AbstractFrom Grounding to Common Ground is a qualitative research study that explored the potential of
the Art for Peace group as a creative, contemplative practice. As an organizing element, this
paper referred to the widely used Tree of Contemplative Practices, created by Maia Durer in
2004 as a qualitative research project for the Center for Contemplative Mind in Society using
convenience sampling drawn from Art for Peace attendees, four, one-hour virtual interviews
asking a single, open-ended question were conducted. Through a phenomenological lens, and
applying tenets of qualitative, contemplative inquiry, the lived experiences of Art for Peace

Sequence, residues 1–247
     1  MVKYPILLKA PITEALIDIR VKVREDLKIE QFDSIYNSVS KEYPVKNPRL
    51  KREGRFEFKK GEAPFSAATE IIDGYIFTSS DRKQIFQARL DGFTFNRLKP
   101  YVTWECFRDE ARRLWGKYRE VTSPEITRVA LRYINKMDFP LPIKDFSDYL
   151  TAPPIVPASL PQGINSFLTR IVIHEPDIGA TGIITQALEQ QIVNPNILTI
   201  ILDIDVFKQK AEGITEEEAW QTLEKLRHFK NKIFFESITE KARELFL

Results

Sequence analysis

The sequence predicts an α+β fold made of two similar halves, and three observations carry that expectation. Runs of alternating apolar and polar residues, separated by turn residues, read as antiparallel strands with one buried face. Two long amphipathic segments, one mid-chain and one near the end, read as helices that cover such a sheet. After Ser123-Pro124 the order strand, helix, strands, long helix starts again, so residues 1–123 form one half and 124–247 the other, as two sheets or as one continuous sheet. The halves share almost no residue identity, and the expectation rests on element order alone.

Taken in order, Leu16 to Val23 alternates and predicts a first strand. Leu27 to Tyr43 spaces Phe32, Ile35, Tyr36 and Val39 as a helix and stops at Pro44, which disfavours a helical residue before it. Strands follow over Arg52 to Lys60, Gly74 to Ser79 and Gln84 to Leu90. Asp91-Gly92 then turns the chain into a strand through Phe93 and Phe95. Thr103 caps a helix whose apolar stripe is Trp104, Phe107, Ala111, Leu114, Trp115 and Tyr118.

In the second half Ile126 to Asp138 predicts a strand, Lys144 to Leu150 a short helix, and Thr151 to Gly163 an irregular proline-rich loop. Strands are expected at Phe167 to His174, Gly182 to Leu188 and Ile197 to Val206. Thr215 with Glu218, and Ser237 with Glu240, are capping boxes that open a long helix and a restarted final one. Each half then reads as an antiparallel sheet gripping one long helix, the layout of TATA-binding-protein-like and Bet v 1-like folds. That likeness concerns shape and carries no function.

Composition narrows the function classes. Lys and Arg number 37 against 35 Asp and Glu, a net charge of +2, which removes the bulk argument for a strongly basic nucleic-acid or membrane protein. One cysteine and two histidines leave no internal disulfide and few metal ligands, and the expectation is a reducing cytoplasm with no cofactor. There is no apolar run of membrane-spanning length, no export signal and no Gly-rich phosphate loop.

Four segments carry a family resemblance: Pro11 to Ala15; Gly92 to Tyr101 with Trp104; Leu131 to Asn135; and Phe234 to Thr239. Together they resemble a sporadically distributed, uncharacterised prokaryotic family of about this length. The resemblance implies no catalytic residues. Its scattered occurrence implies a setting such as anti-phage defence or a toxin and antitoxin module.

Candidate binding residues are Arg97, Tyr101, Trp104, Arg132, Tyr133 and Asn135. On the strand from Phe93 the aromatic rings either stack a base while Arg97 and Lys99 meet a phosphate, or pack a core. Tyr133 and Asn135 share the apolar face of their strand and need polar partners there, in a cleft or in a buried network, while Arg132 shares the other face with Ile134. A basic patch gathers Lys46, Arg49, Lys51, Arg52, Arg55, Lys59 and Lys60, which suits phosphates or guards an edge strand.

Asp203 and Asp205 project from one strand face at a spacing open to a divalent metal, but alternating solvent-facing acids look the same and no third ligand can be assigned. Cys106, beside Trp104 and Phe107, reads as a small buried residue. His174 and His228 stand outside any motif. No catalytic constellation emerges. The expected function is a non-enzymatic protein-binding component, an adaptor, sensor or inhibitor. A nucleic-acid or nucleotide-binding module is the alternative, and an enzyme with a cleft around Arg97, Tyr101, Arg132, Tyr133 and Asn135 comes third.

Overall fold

attendees were investigated. They were explored in relation to contemplative practice, teasing
out effectiveness, relational components, and synchronicities (i.e., common ground) among
them. The results indicated that Art for Peace can serve as contemplative practice, with far-
reaching implications and ideas for future research. This study began with a call for easy access,
no-cost practices to support current gaps in mental health services that began with the COVID-19
pandemic and continue today. However, the results offer promise for a much broader call
extending to anyone moved to expand their sense of connection, awareness and well-being.
These findings aim to contribute to the limited research on creative contemplative practices, as
well as shine a light on the art therapy profession.